Wednesday, March 11, 2009

Government Programs You Don't Know

We've all heard about the TARP program. It stands for "Troubled Asset Relief Program." Of course, the only problem with it, was that it didn't really provide the help it intended to. Because of the time sensitive nature of rolling out this program, there were not enough regulations put in place to dictate what banks could and could not do with these funds. As a result, the government, and unfortunately, the taxpayers, now look stupid.

Recently, the Treasury Department launched TALF, which stands for "Term Asset-backed-securities Loan Facility." Introduced by the Bush Administration last year and since refined under Secretary Geithner, TALF will immediately support purchases of consumer loan-backed asset securities and then be expanded to include commercial and residential backed mortgages. All together it has the potential to generate up to $1 trillion of lending, according to Treasury.

Will this program also become a failure? Time will tell, but in the mean time, we here at Llenrock believe in calling it like we see it, telling it like it is, and/or whatever other tired cliche you would like to use. For that reason, we have come up with some of our own "government programs" that don't just pretend to help clean up the mess we've created using clever acronyms, but rather terms things very, very plainly. We hope to show the U.S. government the inherent stupidity of just being clever on the surface. And so we bring you:

ACRONYM - A Colorful, Realistic Opinion Not Yet Meaningful

1. President Obama several weeks ago vowed to support homeowners directly with aid to help them pay their mortgages to stave off foreclosure. This was hoped to have provided a fewer number of foreclosures, making banks healthier, increasing consumer spending, and encouraging banks to lend more. But where was the fancy acronym? We dub this government initiative:

Mortgages Undertaking Substantial Help

2. There has been a lot of talk about the slide in the stock market. The Dow recently sailed below 7,000 points on news that AIG posted the biggest quarterly loss of any U.S. corporation in history. The stock market, more closely resembling a coop of chickens with no heads than a stable financial market, tanked. Many pundits have said the cause of the financial turmoil, and the lack of confidence it has inspired in the public, has been caused by the mark-to-market effect. Created as a way to ensure corporations had more financial transparency for investors, they were required to periodically reprice assets to current market values. What if this were to happen universally in the world of commercial real estate? Of course, when the current market is in total chaos, how does anyone realistically know what these assets are worth anyways? We give you a new governmental agency formed to figure it out:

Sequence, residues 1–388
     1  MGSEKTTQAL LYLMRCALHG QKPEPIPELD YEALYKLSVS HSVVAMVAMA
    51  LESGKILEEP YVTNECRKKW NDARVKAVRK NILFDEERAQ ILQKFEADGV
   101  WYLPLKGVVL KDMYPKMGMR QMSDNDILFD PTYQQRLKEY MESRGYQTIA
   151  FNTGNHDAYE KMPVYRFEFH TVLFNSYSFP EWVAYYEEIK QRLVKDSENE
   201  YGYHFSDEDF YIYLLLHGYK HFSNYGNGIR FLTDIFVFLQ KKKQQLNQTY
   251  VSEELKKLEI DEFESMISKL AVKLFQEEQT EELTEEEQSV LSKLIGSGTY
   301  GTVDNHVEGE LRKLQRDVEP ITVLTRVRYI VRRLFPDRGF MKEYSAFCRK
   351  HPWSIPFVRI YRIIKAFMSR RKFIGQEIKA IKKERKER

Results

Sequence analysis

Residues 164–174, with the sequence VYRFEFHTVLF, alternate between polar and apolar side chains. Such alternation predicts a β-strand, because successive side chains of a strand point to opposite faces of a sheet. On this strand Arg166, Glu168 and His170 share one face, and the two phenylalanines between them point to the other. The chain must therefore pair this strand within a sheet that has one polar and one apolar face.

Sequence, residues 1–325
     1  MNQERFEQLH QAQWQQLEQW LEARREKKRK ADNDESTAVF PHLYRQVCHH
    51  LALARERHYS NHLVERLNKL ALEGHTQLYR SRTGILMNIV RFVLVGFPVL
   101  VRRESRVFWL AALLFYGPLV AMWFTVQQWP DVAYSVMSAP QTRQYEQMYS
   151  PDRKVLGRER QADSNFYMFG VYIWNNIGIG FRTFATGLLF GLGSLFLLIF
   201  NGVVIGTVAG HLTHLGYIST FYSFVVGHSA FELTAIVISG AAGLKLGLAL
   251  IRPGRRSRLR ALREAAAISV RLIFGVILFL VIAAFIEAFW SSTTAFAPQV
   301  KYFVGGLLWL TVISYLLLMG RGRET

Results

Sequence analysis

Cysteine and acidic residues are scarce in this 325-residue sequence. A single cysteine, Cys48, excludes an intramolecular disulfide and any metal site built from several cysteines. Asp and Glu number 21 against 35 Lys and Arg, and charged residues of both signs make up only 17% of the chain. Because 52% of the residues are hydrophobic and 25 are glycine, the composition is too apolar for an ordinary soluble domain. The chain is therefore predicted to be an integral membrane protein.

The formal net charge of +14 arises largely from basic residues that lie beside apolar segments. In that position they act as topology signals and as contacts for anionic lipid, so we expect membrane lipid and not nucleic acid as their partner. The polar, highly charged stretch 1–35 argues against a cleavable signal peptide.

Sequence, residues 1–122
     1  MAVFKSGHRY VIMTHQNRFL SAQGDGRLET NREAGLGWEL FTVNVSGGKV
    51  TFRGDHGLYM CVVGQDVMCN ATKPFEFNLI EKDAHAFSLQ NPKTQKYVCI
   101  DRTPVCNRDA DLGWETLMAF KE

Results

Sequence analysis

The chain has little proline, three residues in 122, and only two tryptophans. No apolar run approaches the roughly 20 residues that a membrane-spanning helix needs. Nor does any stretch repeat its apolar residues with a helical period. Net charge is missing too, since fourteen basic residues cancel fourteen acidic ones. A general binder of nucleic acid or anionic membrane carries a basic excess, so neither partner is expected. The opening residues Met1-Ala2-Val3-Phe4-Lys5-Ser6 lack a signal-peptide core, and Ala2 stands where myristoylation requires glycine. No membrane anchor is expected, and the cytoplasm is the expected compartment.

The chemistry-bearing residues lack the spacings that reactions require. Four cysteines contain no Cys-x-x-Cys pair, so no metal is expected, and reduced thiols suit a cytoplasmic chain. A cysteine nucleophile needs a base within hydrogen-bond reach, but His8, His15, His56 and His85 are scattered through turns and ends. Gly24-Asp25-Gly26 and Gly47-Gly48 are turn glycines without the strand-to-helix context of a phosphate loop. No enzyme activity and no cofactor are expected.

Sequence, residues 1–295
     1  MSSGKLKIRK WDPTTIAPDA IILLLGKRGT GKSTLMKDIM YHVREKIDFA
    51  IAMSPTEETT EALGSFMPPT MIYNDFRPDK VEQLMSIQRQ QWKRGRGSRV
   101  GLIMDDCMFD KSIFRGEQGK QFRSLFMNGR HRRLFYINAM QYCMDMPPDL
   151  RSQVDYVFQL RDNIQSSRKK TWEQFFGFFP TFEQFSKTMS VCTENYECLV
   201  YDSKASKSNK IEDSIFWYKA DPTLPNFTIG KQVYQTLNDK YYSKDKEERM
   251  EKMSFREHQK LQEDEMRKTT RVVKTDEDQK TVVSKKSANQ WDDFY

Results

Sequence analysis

Commercial Realty Asset Pricing

3. Back in the late 1980s after the savings and loan crisis, the RTC was created as an entity to hold troubled commercial assets, and efficiently sell them off. This resulted in massive discounts for liquid buyers, often able to scoop up properties for pennies on the dollar. Can we really have another RTC program? Why not, if we can create private/public partnerships to reap some of the benefits! We give you:

Federal Assets in Real Trouble

4. Surely by now, you have heard all the buzz about vulture funds. These funds have been, or are in the process of being formed to scoop up distressed assets over the next few years as owners fail to make mortgage payments due to their assets not being worth the loans currently outstanding on them. Don't know which one to invest in after the Bernie Madoff scandal? Well they all have one thing in common. They are all private equity funds. You can't trust any of them. Instead, we nominate a few brilliant minds to head up a government sponsored vulture fund to buy the real bargains from the banks they loaned billions of dollars to (seems kinda fair, right?) in an effort to actually turn the properties around and make the taxpayers some of their money back. Most citizens don't take pity on the rich guys losing their shirts in the commercial game anyways. May we suggest:

Pilfering Of Other's Property

If you are as clever as we hope you are, you might have noticed a theme with our government programs and the acronyms they might publicly go by. So why the low brow humor on a high brow site? Cause these days, between scandals, failed banks, failed insurance giants, failed automakers, and failed government programs, you just never can tell whose full of it.

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